McFox is not a doctor, though he tries to play one on the internet. He isn't a scientist, nor MS expert...but goes from site to site collecting information, some of it actual and factual, a lot of it anecdotal..
meaning.."Yes!! I feel that way too!!!" -- story-telling, amateurs comparing symptoms, without much basis in fact or actual medical knowledge.
So be careful with what you read at his site.
I read his description, realized I'd read it before, somewhere else, and went digging. Here it is again from the book, "Multiple Sclerosis, The Questions You Have -- The Answers You Need", edited by Rosalind C. Kalb, Ph.D. Rosalind Kalb is a clinical psychologist at the MS Care Center at St. Agness Hospital in White Plains, New York, and Clinical Assistant Professor of Neurology at New York Medical College... so reasonably legitimate.
Her book is arranged as if someone was asking a question, and then it will be answered (not all by her, but by a team of MS specialists). Here is the section from the book which McFox nearly quotes without attribution:
"My hands and feet often get numb or feel like "pins and needles." Are there any medications for this problems?"
"Pins and needles" are one example of sensory symptoms in MS. Sensory symptoms are those that a person can feel but for which the physician cannot see objective evidence during the neurologic exam. Other examples include numbness, tingling decreased or blurred vision, dizziness, or pain. These symptoms occur because of demyelination in the sensory pathways of the spinal cord or brain. Although they can be quite uncomfortable, sensory symptoms are generally considered relatively benigh because they tend to come and go without severely restricting a person's ability to function. Although there is no specific medication for most sensory symtpoms, antiseizure medictions, such as gabapentin (Neurontin), carbamazepin (Tegretol), and valproic acid (Depakene) may decrease their intensity. A tri-cyclic antidepressant medication such as amitriptyline (Elavil) can provide some relief, particulary if the symptoms are painful. In the meantim, remember that these symptoms tend to go away on their own and seldom signal significan't impairment."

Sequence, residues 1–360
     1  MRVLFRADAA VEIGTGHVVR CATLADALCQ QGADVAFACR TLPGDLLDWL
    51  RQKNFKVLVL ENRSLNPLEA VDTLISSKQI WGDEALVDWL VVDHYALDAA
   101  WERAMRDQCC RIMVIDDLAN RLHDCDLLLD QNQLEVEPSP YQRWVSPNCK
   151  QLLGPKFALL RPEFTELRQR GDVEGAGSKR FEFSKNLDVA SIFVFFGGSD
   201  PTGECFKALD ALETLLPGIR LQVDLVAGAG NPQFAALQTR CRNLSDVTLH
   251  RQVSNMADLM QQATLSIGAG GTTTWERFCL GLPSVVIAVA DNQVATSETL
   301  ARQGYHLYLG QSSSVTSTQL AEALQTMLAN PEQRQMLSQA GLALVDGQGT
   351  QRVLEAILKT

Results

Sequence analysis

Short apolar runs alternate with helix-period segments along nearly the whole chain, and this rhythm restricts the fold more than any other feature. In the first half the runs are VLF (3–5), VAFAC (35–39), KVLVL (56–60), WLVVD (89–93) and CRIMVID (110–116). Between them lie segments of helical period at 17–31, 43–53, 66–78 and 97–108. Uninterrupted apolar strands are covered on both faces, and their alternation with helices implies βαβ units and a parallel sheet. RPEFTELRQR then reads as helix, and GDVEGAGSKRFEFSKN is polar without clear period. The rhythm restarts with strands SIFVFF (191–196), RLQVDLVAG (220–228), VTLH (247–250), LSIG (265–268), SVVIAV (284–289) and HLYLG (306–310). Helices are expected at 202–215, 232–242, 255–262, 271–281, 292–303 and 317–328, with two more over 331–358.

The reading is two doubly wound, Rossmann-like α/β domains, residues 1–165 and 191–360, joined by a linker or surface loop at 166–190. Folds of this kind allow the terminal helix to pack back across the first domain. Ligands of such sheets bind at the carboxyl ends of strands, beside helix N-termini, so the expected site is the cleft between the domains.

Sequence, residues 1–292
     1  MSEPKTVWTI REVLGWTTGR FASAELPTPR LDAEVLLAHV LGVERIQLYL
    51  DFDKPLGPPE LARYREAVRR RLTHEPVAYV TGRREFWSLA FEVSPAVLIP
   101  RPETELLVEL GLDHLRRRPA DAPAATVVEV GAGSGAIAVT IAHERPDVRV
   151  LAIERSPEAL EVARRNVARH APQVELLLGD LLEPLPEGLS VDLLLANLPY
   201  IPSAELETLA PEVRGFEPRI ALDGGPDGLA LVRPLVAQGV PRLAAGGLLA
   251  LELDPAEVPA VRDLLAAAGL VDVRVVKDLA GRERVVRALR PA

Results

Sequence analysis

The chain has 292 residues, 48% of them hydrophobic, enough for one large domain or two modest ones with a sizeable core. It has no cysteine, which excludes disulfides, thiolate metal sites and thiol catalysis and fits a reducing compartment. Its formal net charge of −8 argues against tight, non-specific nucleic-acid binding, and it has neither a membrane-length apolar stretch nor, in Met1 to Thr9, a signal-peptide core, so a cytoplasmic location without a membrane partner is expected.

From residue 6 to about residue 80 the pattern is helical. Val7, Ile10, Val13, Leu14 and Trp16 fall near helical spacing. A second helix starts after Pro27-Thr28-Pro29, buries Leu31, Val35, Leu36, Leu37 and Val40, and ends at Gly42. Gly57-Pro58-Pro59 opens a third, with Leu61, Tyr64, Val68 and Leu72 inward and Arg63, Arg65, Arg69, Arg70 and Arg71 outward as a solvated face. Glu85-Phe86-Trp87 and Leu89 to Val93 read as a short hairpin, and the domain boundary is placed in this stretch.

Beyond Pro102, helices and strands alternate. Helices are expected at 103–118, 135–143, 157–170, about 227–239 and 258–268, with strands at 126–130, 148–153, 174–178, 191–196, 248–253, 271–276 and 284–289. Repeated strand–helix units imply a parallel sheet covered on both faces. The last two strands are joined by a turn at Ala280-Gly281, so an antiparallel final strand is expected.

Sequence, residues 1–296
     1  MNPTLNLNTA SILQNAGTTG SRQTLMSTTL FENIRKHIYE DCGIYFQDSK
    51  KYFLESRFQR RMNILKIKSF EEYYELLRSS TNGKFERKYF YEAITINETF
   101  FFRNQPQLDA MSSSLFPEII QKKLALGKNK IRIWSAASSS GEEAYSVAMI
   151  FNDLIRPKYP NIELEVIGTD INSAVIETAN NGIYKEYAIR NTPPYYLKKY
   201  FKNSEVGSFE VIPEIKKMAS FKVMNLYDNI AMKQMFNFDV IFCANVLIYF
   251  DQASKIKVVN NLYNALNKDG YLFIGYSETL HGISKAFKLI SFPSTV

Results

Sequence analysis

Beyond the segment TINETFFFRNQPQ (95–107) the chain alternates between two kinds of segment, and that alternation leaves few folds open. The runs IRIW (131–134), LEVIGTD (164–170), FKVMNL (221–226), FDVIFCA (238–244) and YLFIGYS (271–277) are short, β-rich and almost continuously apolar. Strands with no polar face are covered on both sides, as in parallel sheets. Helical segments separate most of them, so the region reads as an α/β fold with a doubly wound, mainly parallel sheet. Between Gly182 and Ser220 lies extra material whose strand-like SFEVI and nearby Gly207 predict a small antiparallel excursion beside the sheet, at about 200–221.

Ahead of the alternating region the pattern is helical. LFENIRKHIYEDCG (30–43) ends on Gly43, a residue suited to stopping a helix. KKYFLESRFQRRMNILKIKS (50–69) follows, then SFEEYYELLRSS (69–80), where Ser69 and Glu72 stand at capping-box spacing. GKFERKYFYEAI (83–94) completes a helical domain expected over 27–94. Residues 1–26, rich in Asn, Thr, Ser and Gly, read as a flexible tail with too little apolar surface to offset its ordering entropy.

This book, by the way, can be found in most libraries. The publisher donated several thousand copies to libraries across the US, and it's even in my small-town (population, 2,000) library. I consider it an excellent source, whether you're in limbo, newly diagnosed, or long-time person with MS.
...I am not a doctor, nor health professional, and don't pretend to be one, here.....